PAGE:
Troutdale Airport also serves the area. Portland is also served by Wiley's Seaplane Port, a private seaplane base on the Willamette.

Portland is home to Oregon's only public use heliport, the Portland Downtown Heliport (ICAO: 61J).

See also

Notes

  1. ^ Timothy Egan (May 31, 1987). "FOCUS: PORTLAND; SO LONG CARS, HELLO PEOPLE". The New York Times. http://query.nytimes.com/gst/fullpage.html?res=9B0DEEDB1F3CF932A05756C0A961948260. Retrieved 2007-12-14.  
  2. ^ a b U.S. Census, American Community Survey 2006, Table S0802
  3. ^ "Fareless Square Map". TriMet. http://www.trimet.org/fares/farelessmap.htm. Retrieved 2007-07-05.  
  4. ^ Rose, Joseph (January 22, 2009). "Weave through TriMet's work in downtown Portland". The Oregonian. http://www.oregonlive.com/news/index.ssf/2009/01/bus_mall.html. Retrieved 2009-05-30.  
  5. ^ Redden, Jim (January 12, 2007). "Bye-bye, bus mall as we know it". Portland Tribune. http://localdailynews.net/news/story.php?story_id=116855917359029300. Retrieved 2009-05-25.  
  6. ^ Rivera, Dylan (May 26, 2009). "Buses return to Portland's revamped transit mall". The Oregonian. http://www.oregonlive.com/business/index.ssf/2009/05/buses_return_to_portlands_reva.html. Retrieved 2009-10-01.  
  7. ^ "Light-rail operator training begins on Portland Mall". Portland Business Journal. May 1, 2009. http://www.bizjournals.com/portland/stories/2009/04/27/daily66.html?surround=lfn. Retrieved 2009-10-01.  
  8. ^ Tribune staff (August 28, 2009). "New MAX line opens downtown". Portland Tribune. http://www.portlandtribune.com/news/story.php?story_id=125148305025064100. Retrieved 2009-10-01.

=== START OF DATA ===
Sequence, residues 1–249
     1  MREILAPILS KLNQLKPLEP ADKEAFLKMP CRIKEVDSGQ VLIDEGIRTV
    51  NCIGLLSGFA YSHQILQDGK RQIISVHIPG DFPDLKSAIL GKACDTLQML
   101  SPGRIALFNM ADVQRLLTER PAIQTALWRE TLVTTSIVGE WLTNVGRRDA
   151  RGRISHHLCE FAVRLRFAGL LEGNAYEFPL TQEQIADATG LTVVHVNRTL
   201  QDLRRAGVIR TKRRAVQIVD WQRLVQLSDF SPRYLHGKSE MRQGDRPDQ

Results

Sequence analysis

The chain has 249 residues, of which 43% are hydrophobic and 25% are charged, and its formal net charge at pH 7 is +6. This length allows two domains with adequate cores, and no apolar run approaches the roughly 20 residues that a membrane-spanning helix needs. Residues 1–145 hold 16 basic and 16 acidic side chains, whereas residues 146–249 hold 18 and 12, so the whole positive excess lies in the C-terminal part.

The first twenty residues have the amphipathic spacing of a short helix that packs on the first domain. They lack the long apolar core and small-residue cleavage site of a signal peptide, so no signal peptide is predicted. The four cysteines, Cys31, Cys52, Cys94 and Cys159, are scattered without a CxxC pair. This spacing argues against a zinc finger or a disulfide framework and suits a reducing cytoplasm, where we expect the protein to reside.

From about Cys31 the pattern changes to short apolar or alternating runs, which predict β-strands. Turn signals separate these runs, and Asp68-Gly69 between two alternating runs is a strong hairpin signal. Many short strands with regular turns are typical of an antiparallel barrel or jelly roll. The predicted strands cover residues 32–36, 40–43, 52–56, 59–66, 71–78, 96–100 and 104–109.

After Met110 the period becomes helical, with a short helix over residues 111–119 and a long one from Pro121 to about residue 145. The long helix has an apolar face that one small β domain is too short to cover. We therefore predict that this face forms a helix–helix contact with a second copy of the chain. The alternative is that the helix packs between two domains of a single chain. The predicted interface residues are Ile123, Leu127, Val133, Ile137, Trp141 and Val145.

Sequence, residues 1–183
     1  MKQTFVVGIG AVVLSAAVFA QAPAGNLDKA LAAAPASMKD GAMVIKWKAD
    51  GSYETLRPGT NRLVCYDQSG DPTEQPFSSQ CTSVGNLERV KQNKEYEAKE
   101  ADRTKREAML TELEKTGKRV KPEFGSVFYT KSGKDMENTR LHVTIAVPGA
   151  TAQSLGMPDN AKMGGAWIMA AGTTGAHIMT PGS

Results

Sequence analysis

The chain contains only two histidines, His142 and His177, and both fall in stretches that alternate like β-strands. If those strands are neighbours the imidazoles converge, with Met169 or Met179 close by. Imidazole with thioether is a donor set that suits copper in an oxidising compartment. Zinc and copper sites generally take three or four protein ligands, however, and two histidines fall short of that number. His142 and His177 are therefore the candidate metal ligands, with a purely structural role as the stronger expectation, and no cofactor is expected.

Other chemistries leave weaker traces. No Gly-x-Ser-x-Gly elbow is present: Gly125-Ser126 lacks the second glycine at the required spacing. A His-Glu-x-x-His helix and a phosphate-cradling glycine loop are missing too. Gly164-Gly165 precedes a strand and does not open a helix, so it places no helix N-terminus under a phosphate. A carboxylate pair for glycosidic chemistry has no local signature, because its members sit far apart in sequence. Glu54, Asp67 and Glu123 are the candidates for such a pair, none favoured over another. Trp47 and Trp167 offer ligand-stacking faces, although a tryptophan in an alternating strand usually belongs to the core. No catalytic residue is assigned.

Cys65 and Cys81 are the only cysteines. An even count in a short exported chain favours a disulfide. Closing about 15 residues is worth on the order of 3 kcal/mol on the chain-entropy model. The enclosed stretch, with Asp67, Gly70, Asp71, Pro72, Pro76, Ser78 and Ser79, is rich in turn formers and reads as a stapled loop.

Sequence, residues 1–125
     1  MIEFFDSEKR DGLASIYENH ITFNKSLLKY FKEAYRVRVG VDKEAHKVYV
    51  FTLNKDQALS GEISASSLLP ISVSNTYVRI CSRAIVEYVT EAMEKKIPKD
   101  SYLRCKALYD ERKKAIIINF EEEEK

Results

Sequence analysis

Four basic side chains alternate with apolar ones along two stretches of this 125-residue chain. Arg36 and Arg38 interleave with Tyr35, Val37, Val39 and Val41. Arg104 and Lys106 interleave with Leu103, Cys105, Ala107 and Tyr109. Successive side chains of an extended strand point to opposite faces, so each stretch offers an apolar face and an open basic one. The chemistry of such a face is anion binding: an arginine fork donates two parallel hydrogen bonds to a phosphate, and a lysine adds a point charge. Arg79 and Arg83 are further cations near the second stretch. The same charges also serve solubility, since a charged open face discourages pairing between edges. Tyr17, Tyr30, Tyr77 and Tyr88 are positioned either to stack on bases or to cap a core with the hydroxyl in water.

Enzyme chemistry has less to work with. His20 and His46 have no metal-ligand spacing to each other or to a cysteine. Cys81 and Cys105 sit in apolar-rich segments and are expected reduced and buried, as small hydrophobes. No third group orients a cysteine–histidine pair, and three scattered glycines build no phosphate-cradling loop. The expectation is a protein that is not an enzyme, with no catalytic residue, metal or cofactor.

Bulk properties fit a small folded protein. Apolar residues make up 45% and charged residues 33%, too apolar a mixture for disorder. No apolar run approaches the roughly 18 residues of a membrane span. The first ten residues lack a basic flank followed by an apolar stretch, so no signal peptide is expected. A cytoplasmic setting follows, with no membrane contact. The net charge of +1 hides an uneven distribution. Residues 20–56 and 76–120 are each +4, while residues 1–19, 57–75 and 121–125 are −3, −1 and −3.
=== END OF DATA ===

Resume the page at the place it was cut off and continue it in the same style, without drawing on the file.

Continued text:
9. ^ a b Rivera, Dylan (September 12, 2009 (online); September 13, 2009 (print edition)). "Riders pack MAX Green Line on first day of service". The Oregonian. http://www.oregonlive.com/news/index.ssf/2009/09/riders_pack_max_green_line_on.html. Retrieved 2009-09-17.  
  10. ^ "MAX Yellow Line: Route and schedule changes effective August 30, 2009". TriMet. August 29, 2009. http://www.trimet.org/alerts/190-maxyellowline-sept09.htm. Retrieved 2009-10-01.  
  11. ^ "Portland–Milwaukie Light Rail Project". TriMet. http://www.trimet.org/pm/index.htm. Retrieved 2009-05-30.  
  12. ^ "FTA approves Preliminary Engineering for Portland-Milwaukie Light Rail Project". TriMet. April 1, 2009. http://www.trimet.org/news/releases/apr1_portland_milwaukie.htm. Retrieved 2009-05-30.  
  13. ^ Portland Streetcar: Streetcar History
  14. ^ "Feds give $75 million for Oregon streetcar". Portland Business Journal. April 30, 2009. http://www.bizjournals.com/portland/stories/2009/04/27/daily46.html?surround=lfn. Retrieved 2009-05-20.  
  15. ^ Metro: Lake Oswego to Portland Transit and Trail Alternatives Analysis
  16. ^ Van der Voo, Lee (April 2, 2009). "Portland-to-Lake Oswego streetcar plan rolls ahead on fast track". Lake Oswego Review. http://www.portlandtribune.com/news/story.php?story_id=123862633089555200. Retrieved 2009-04-09.  
  17. ^ Leah Weissman (February 5, 2009). "WES' first day — 'I plan on using it every day'". Beaverton Valley Times. http://www.beavertonvalleytimes.com/news/story.php?story_id=123380059546460700. Retrieved 2009-03-13.  
  18. ^ MSNBC North America's most bike-friendly cities
  19. ^ Bicycling magazine, Best Cities for Cycling (2008)
  20. ^ Scan of 2006 Bicycling magazine Best Cities for Cycling
  21. ^ Portland Tribune: Bike group gives Portland 'platinum' award
  22. ^ Hawthorne Boulevard Project, City of Portland
  23. ^ Morrison Bridge Bicycle & Pedestrian Improvements, Multnomah County
  24. ^ BTA: Bicycle Boulevards Campaign
  25. ^ Blue Bike Lanes Report, City of Portland
  26. ^ Bike Boxes, City of Portland
  27. ^ Portland Bicycle Counts 2008 (PDF), City of Portland
  28. ^ Pdx Pedicab
  29. ^ Portland Cascadia Pedicabs
  30. ^ Eco-Tourism in Old Town Chinatown, The Heart of Portland, Oregon, Old Town Chinatown neighborhood
  31. ^ Portland Walks - Be Safe
  32. ^ SW Urban Trails SW Urban Trails
  33. ^ [1]
  34. ^ Dougherty, Conor (July 30, 2009). "Skateboarding Capital of the World". The Wall Street Journal. http://online.wsj.com/article/SB10001424052970204119704574238073660408040.html. Retrieved 2009-07-31.  

External links


Advertisements






Got something to say? Make a comment.
Your name
Your email address
Message